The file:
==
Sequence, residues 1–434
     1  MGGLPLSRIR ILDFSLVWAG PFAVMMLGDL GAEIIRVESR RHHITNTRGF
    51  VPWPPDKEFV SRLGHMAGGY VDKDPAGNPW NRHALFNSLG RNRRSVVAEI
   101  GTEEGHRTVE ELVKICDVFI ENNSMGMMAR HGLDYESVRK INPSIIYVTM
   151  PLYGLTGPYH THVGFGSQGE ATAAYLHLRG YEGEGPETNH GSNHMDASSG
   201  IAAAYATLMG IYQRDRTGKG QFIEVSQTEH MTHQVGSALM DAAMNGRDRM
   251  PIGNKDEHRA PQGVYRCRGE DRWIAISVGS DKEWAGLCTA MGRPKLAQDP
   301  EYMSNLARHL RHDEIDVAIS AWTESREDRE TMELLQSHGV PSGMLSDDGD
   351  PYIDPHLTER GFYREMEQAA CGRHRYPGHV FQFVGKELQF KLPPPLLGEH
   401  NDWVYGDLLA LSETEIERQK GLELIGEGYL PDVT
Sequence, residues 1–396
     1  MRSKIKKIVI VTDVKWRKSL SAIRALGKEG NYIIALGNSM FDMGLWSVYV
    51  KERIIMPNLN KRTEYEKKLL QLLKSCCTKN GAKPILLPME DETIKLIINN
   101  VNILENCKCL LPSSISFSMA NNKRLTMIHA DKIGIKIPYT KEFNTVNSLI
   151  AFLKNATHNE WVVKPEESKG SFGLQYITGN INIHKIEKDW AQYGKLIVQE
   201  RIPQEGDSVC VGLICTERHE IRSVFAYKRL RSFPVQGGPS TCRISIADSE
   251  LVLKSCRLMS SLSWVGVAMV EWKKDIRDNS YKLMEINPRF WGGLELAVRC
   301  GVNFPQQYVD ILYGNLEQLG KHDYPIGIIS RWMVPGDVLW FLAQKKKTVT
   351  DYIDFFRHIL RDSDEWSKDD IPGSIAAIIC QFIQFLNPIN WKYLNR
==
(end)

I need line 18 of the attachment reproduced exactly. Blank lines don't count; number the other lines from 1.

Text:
   301  GVNFPQQYVD ILYGNLEQLG KHDYPIGIIS RWMVPGDVLW FLAQKKKTVT